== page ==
Cleverly-Designed Mirrored Tableware Tricks You into Eating Less

Nutritionists claim that portion size control is one of the keys to losing weight and staying in shape. Using smaller dishes is probably the most popular way to control the size of your meals, but a couple of London-based art students may have come up with an even more effective one – using mirrors to make tableware look twice as full.

Saki Maruyama and Daniel Coppen, collectively known as Studio Playfool, have come up with an ingenious tableware design that relies on mirrors to trick your eyes into seeing more food than is actually available. Named Half/Full, their recently unveiled tableware set was apparently inspired by the threat of future food shortages on a global scale, and is therefore designed to “future proof appetites”.

Photo: Dezeen

“In the near-future, the effects of climate change will take its toll on global food production,” designers said. “When imagining a future that’s faced with greater food shortages, we need to ask how we might adapt our own appetites and lifestyle in the present.”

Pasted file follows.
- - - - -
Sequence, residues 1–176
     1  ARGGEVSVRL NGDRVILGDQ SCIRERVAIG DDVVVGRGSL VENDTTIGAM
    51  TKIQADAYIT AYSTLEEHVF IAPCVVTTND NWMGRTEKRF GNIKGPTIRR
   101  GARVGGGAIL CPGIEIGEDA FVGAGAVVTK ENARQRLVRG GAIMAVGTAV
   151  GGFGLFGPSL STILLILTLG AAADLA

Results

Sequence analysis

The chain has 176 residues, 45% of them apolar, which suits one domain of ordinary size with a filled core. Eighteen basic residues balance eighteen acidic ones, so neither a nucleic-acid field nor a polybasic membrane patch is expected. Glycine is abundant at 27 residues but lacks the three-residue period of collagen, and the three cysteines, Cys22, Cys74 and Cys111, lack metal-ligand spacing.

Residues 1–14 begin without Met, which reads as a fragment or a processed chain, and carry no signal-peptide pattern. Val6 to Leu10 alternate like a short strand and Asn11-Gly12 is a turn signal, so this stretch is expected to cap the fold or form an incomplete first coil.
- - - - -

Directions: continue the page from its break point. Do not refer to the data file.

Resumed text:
Photo: Dezeen

Each piece in the Half/Full set –  two plates, a cup, a bowl, and a knife, fork and spoon – features a reflective surface, so when food and drinks are placed on/in them, these mirrors increase the portion size only visually, which is enough to induce a sensation of fullness and limit the amount of food the user feels they need to eat. It sounds like bogus, but the concept is apparently based on scientific research.

Photo: Dezeen

“A study led by the University of Tokyo revealed that the apparent volume of food can influence one’s satisfaction from a meal,” Studio Playfool claims. “If the quantity of the food appears greater, the feeling of satisfaction is greater.”


“Another study showed that eating in the presence of a mirror increases self-awareness, influencing people’s behaviours to eat less. Although the concept is yet to be formally tested, we believe Half/Full has the potential to change our eating habits for the better, while acting as a visual probe that raises our awareness around the impacts that climate change will have on our food and eating culture,” the two designers add.

via Dezeen

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